– Marco Poggio
New Yorkers who can’t keep at least six feet away from others in public must now wear masks or other face-coverings amid the corona virus pandemic, according to a new edict issued Wednesday by Gov. Cuomo.
The mandate came hours after Mayor de Blasio instructed shoppers to cover their faces when picking up groceries ― and two weeks after Hizzoner and transit unions pitched a similar proposal. “If you are going to be in a situation, in public, where you come into contact with other people in a situation that is not socially distanced you must have a mask or cloth covering your nose and mouth,” Cuomo said during a press conference in Albany. “You don’t have the right to infect me.”
The governor, specifically mentioning public transportation and city sidewalks, gave New Yorkers “three-day notice” before local authorities will begin enforcing the order. However, he noted, while there won’t be penalties for those caught bare-faced, civil penalties could come into play. “By the way, people will enforce it,” Cuomo added. “They’ll say to you, if they’re standing next to you on a street corner, ‘Where’s your mask, buddy?’ in a nice, New York kind of way.”
Back on April 2, Transport Workers Union Local 100 urged the MTA to strongly recommend riders cover their noses and mouths with bandanas or scarf’s while riding trains or buses. “This is a common-sense move that will prevent the spread of the virus and could ease the concerns of both transit workers and riders,” TWU Local 100 President Tony Utano said.
That same day, de Blasio urged New Yorkers to cover their faces whenever outside.
Cuomo didn’t back the move at the time, saying he thought it would give the general public “a false sense of security.” MTA chairman and CEO Pat Foye said starting Friday “all customers will be required to wear a face-covering while traveling with us during this pandemic.” The mask mandate comes as New York’s corona virus “curve” continues to flatten thanks to decreases in the number of hospitalizations and ICU admissions. However, Cuomo noted, the state lost another 752 people to the virus on Tuesday, bringing the death toll to a total of 11,586.
“The painful news of our reality day after day,” Cuomo said, noting that the death rate has remained between 700 and 800 a day for the past week. “But you see the terrible news, it’s basically been flat over the past several days.” He added,” You see a flattening of the curve.” Late Tuesday, the New York City Health Department released a harrowing “revised” death toll that included victims who were presumed to have died from COVID-19 without testing positive for it.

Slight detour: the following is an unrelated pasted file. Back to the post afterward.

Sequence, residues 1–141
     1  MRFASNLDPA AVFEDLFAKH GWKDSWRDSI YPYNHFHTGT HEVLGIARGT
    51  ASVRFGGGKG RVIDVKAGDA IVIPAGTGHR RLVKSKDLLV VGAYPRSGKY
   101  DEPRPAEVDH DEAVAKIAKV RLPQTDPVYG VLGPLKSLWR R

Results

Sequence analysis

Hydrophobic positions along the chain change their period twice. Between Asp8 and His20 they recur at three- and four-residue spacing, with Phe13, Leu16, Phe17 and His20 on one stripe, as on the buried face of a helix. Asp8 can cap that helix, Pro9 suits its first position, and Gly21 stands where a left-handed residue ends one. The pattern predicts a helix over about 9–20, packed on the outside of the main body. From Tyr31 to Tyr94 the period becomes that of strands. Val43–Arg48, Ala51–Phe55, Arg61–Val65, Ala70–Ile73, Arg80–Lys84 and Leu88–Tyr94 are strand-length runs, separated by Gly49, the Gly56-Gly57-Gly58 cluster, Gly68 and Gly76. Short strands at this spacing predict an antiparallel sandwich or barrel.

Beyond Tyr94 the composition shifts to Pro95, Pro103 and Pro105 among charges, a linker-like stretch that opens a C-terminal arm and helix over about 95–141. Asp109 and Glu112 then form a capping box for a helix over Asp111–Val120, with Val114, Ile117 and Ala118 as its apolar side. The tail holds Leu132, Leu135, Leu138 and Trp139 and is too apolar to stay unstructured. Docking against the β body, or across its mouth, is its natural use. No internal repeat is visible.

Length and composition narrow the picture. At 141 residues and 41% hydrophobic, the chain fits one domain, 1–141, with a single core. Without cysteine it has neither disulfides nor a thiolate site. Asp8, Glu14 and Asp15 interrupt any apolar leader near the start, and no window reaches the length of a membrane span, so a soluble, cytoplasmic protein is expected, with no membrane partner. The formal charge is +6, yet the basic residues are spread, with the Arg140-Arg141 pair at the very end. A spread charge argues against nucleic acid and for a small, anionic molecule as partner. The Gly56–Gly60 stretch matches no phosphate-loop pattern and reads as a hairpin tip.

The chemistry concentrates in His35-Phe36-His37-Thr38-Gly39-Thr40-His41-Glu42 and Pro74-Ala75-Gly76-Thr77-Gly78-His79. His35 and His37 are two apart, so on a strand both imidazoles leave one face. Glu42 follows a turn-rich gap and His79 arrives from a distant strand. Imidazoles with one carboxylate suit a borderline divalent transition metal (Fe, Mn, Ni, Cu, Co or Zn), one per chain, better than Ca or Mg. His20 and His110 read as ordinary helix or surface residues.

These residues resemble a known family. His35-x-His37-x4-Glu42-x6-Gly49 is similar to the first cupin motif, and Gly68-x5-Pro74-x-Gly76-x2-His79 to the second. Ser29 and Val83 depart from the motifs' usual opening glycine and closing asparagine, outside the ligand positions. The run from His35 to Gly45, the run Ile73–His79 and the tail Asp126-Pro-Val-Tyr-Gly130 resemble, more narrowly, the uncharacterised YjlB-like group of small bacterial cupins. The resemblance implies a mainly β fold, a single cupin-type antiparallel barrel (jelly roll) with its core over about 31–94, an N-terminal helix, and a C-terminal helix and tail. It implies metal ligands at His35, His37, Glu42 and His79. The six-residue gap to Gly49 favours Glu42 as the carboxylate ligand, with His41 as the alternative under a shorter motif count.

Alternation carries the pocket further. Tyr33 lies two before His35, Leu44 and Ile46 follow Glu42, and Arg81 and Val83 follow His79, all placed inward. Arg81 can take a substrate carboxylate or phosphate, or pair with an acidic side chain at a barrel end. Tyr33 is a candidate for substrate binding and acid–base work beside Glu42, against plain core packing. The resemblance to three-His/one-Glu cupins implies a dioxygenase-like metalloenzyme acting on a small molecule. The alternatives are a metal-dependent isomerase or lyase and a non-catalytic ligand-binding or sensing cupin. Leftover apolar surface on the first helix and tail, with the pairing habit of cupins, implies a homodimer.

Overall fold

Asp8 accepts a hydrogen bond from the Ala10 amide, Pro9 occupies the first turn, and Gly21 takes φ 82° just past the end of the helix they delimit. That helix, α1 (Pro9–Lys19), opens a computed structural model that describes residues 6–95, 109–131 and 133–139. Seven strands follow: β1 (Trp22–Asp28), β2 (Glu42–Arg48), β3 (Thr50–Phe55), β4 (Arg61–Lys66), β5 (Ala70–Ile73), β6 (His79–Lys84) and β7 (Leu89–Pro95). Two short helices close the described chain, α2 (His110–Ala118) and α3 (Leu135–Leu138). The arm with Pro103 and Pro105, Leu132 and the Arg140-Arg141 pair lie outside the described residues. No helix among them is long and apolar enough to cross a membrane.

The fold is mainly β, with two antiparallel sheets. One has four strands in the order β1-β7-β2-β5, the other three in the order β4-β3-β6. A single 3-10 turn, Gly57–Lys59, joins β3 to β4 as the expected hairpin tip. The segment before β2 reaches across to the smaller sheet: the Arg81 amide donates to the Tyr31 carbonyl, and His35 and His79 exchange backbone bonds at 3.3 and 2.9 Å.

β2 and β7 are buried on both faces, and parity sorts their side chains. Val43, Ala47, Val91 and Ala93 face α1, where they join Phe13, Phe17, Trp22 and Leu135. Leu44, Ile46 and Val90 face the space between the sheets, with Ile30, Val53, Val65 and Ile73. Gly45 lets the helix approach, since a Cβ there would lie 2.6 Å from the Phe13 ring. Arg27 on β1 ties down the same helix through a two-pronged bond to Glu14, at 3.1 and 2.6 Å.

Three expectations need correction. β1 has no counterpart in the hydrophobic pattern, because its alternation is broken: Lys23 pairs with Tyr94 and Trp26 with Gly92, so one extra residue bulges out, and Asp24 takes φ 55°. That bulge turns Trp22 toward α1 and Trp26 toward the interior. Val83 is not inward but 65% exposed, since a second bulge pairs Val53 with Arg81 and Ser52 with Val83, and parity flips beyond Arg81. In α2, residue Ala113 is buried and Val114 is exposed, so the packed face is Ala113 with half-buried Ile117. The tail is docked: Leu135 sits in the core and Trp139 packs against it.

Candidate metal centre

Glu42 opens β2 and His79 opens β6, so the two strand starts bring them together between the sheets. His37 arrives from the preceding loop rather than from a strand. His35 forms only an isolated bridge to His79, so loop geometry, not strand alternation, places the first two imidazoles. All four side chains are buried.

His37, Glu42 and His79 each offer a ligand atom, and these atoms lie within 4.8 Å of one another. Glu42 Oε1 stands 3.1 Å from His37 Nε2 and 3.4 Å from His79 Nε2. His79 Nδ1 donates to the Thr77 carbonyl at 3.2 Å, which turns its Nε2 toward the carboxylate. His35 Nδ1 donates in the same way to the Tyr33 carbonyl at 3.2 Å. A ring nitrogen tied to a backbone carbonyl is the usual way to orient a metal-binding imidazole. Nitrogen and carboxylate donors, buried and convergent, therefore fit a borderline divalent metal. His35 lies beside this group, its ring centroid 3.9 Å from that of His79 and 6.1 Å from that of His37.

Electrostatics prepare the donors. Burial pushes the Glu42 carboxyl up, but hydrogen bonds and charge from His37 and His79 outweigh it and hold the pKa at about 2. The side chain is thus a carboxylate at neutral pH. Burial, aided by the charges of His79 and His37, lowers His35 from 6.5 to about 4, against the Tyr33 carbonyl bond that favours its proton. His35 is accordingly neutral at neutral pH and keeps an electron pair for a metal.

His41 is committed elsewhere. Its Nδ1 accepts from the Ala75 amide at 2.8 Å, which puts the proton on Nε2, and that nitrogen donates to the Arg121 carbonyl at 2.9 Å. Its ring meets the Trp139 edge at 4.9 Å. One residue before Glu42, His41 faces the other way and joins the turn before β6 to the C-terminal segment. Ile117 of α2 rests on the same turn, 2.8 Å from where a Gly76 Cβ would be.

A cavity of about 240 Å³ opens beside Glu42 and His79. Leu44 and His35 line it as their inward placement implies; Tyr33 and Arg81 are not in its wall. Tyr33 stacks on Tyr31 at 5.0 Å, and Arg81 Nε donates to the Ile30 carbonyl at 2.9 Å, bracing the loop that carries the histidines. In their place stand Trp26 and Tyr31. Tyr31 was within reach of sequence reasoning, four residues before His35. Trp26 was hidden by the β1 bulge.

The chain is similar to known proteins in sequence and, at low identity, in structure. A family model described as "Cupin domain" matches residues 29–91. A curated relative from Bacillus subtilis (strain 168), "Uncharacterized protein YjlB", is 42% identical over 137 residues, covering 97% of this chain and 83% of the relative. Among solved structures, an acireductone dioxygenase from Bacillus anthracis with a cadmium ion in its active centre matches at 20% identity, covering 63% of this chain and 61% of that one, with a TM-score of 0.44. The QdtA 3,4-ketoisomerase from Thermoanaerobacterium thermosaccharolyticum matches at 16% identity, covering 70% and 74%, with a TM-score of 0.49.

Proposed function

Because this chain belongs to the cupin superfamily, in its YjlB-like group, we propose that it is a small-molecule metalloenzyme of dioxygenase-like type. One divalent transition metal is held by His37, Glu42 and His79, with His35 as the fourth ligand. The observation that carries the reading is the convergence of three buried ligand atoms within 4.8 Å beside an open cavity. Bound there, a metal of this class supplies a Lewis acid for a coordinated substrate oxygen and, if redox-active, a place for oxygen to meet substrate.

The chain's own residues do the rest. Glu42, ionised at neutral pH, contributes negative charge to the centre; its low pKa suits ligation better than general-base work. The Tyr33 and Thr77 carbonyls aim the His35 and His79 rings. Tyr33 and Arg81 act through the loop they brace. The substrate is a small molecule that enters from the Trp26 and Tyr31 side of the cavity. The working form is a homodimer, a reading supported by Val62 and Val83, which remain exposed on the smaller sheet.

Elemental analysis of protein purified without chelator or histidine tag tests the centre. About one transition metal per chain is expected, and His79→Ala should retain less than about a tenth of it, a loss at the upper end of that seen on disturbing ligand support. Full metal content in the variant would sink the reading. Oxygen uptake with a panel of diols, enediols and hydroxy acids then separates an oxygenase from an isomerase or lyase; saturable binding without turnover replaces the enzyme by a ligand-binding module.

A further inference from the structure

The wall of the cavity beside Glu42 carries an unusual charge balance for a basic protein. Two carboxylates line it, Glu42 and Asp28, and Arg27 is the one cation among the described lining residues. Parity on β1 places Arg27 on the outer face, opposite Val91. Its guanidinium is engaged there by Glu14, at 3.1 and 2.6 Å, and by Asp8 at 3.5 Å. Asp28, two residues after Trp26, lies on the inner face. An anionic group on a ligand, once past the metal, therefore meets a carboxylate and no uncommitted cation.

Under that toll, 10,899 people have died in the five boroughs alone — a shocking tally that Cuomo said would soon be reflected in the state statistics as localities get on board with new Centers for Disease Control guidelines calling for “probable” corona virus-related deaths to be included.
An estimated 29,741 people battling the virus remain hospitalized in the city.
Both Cuomo and de Blasio said this week that they believe the state’s strict social distancing and stay-at-home orders that have shuttered schools and businesses are stemming the spread of the deadly disease. “Cuomo is right,“ said Toni Palmarini, 48, an office manager from Ridgewood, Queens, who wore a mask, gloves and carried hand sanitizer as she enjoyed a walk with her kids.“You could be asymptomatic and still be spreading it.
“It should have been mandatory from the very beginning,” she added. “We don’t have a cure yet.”
Miguel Ruiz, a doorman in Manhattan said the order was overkill. “If you keep your distance from people everybody will be all right,” he said as he walked his dog sans mask or gloves. “I just don’t see the need,” the 48-year-old added. “It feeds into the fear people are already feeling.”
For Grace Choi, 52, who runs a juice and salad bar on Hamilton Parkway in Brooklyn, requiring masks in public is a no-brainer. “It’s a very good idea. Everybody has got to be careful,” Choi said. The shop worker said she already requires all her customers to wear masks when they walk through the door.
De Blasio said Wednesday before Cuomo announced his order that food stores have the right to refuse entry to anyone who isn’t covering their face and that NYPD will help them enforce the requirement if necessary. He told stores to put up signs telling shoppers they can’t come inside without face coverings.
“This will help everyone to remember, when they’re in that kind of space, it’s so important to protect each other,” de Blasio said. “Any customer who says no, I refuse, should not be allowed in…the city of New York will back you up.”
Courtesy of New York Daily News